That same year it also assumed ownership of the Milwaukee lines. It took over operations on the Norfolk Southern line in 1993 and renamed it the SouthWest Service.
Metra still has purchase-of-service agreement with two railroads. The Chicago & North Western was merged with Union Pacific in 1995, and UP still owns and operates the three UP lines. Burlington Northern, now known as the BNSF Railway, continues to own and operate that line.
Under those contracts, the carriers use their employees and own or control the rights-of-way and most of the other facilities required for operations. Metra owns the rolling stock and in conjunction with local municipalities is responsible for most stations. Metra retains overall authority over fares, service and staffing levels.
Below is some brief information about each Metra line.
Metra owns the tracks and operates trains.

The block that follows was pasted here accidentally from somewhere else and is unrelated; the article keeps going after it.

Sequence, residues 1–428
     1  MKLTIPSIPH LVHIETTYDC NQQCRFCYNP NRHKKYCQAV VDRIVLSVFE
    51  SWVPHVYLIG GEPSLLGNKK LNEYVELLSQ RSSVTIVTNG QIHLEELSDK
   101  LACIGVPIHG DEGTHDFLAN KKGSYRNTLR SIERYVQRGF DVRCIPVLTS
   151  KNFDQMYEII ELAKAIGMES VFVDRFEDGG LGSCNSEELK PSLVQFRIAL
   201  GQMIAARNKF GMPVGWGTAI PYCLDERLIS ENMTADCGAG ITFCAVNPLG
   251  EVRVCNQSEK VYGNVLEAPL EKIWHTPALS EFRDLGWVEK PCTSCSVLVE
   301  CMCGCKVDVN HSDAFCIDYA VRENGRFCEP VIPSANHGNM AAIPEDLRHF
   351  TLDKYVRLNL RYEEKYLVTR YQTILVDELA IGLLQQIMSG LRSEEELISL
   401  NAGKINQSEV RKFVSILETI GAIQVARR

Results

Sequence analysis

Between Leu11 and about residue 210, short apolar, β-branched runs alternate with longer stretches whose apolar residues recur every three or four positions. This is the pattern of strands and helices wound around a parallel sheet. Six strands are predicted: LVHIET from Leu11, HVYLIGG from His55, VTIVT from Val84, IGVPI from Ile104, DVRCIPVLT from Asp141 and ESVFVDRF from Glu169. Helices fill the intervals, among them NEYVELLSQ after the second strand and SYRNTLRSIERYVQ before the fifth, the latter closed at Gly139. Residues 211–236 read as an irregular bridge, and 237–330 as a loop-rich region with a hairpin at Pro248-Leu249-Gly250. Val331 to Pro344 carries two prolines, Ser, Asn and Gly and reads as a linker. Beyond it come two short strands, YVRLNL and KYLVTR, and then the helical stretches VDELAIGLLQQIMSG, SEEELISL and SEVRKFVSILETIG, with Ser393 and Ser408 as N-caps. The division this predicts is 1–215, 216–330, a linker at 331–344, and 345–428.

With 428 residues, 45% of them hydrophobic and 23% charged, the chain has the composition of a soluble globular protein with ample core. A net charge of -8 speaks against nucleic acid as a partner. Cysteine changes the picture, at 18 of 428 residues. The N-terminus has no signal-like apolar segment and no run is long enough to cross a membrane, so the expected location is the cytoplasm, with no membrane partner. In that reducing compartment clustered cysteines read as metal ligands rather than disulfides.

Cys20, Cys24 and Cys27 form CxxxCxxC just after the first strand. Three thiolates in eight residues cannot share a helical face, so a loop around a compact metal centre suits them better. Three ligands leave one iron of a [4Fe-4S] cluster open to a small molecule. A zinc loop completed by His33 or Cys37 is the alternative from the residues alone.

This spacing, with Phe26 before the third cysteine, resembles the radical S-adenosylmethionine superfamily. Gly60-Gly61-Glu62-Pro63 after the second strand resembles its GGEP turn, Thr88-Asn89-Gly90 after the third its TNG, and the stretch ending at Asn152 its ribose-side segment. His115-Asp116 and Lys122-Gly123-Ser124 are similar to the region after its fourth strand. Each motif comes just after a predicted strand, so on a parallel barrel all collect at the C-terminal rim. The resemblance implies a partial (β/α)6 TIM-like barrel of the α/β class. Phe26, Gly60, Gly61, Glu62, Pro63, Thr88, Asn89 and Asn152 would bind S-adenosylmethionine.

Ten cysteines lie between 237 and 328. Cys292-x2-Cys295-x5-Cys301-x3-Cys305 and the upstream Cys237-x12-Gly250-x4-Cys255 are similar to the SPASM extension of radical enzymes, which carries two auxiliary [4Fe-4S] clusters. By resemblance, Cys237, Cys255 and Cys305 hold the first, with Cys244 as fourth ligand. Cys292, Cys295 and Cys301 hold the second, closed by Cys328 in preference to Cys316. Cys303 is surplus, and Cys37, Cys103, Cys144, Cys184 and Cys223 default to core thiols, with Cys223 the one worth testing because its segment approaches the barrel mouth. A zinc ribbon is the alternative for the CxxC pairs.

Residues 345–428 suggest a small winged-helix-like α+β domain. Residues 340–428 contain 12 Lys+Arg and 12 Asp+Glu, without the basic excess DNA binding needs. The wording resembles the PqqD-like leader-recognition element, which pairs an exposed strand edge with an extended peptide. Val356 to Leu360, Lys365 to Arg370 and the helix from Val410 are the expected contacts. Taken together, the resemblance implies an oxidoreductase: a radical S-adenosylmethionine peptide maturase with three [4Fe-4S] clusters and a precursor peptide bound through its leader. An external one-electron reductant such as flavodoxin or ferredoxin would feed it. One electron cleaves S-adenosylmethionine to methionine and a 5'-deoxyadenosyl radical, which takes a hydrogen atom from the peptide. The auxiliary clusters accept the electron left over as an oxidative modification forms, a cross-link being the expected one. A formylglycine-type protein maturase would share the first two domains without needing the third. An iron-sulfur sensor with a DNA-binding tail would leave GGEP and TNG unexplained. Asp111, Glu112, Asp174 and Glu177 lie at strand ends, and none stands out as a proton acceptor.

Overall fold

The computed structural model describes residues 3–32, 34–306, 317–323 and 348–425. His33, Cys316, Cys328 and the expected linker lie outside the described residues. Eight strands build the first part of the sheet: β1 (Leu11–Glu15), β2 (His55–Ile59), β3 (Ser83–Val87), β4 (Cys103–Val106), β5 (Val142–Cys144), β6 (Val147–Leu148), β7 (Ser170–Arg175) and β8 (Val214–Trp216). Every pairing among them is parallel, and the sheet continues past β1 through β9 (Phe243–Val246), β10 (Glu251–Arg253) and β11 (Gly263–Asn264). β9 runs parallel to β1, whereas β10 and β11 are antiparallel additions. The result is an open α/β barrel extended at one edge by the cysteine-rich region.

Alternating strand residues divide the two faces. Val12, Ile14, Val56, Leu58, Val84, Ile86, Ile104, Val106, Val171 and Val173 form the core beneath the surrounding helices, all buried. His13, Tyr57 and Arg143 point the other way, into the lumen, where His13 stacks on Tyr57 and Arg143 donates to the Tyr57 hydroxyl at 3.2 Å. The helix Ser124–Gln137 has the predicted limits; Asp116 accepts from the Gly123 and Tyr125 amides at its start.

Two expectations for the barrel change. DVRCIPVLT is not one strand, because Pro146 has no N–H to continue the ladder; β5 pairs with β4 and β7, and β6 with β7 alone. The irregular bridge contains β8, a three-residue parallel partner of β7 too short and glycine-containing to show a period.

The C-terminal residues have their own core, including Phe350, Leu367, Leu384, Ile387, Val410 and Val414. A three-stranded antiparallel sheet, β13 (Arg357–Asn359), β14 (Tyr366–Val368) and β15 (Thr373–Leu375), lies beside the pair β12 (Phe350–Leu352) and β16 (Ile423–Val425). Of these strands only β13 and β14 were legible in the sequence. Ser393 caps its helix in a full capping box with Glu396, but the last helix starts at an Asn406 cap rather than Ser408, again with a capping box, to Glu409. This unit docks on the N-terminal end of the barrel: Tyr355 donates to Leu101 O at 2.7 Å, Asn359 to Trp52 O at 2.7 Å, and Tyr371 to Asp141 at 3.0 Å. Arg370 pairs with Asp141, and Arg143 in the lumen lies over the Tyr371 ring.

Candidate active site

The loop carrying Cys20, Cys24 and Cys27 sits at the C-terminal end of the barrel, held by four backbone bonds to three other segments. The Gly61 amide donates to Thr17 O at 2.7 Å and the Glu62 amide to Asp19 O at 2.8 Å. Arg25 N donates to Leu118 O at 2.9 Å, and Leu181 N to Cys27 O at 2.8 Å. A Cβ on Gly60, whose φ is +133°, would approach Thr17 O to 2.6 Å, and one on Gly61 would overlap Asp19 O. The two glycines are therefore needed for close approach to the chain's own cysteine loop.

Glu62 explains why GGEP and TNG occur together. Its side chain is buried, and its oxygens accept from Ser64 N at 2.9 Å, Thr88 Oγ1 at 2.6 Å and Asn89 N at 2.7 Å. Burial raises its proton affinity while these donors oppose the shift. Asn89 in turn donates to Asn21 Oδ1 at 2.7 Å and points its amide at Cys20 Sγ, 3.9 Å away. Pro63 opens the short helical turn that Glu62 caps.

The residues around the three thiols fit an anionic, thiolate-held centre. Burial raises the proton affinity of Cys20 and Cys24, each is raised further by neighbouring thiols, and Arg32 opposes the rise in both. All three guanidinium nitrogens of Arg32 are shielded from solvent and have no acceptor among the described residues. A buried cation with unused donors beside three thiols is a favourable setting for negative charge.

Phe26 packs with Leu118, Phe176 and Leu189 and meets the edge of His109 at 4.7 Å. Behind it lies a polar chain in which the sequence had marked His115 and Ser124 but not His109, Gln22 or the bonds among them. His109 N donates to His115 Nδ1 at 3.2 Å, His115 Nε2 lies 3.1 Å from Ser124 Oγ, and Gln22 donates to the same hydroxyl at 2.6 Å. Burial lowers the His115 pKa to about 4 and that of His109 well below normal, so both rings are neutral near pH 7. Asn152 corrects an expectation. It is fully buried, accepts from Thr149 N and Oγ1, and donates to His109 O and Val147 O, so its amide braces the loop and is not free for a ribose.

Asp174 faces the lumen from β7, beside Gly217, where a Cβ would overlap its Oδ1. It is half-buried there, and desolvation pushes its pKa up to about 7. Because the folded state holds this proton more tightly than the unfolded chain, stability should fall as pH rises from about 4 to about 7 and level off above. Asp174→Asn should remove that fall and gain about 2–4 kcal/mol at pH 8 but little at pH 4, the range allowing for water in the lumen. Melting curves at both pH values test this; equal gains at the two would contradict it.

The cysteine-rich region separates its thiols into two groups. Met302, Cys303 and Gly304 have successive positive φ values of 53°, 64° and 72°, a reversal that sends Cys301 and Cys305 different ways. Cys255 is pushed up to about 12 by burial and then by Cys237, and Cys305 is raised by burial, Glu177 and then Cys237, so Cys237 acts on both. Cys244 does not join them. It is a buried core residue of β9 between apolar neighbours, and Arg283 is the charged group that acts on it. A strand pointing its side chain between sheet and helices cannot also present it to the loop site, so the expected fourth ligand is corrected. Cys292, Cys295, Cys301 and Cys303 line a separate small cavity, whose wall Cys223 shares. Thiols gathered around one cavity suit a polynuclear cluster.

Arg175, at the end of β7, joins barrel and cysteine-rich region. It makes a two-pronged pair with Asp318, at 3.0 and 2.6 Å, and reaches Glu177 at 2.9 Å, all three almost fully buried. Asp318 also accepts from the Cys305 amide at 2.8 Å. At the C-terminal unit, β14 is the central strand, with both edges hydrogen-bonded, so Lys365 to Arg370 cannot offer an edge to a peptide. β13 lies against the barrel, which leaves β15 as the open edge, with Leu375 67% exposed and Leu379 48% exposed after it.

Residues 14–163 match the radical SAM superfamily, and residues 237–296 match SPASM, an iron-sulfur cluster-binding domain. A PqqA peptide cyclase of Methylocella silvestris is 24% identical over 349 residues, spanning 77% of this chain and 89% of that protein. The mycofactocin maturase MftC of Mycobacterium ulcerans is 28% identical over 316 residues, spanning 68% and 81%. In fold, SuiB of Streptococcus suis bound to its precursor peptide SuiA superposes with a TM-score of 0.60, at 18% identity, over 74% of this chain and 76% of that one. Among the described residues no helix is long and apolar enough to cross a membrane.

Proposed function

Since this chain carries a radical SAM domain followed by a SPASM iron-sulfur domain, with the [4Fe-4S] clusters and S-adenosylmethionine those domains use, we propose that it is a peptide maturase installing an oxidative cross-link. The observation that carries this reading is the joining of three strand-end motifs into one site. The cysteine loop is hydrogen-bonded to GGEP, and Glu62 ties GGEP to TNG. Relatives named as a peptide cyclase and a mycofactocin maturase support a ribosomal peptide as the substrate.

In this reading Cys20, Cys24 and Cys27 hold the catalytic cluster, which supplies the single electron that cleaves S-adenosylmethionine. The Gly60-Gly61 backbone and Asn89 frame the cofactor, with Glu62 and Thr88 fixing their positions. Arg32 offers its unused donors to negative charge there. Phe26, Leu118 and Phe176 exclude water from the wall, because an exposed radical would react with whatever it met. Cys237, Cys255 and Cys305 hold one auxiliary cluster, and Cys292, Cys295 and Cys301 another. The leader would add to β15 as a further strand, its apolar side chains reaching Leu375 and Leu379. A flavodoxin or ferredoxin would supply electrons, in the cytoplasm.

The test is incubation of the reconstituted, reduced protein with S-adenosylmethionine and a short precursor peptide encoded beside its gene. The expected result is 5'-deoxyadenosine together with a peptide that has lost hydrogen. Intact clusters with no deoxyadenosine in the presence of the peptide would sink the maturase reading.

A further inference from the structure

Metra Electric District
The Illinois Central Railroad started offering commuter service to Hyde Park in 1856. It operated on trestles in Lake Michigan just offshore until after the 1871 Chicago Fire, when debris was dumped in the lake and the landfill surrounded the tracks and created Grant Park. The branch lines were added in 1883 (South Chicago) and 1892 (Blue Island) and the commuter service was extended south, eventually to what is now University Park in 1977. The line was grade-separated starting in 1892 and then electrified by 1926. Metra bought the line for $26 million and started operating its service in 1987. It is Metra’s only electric line. Metra Electric timetables are “Panama Orange” in honor of the IC’s old Panama Limited trains.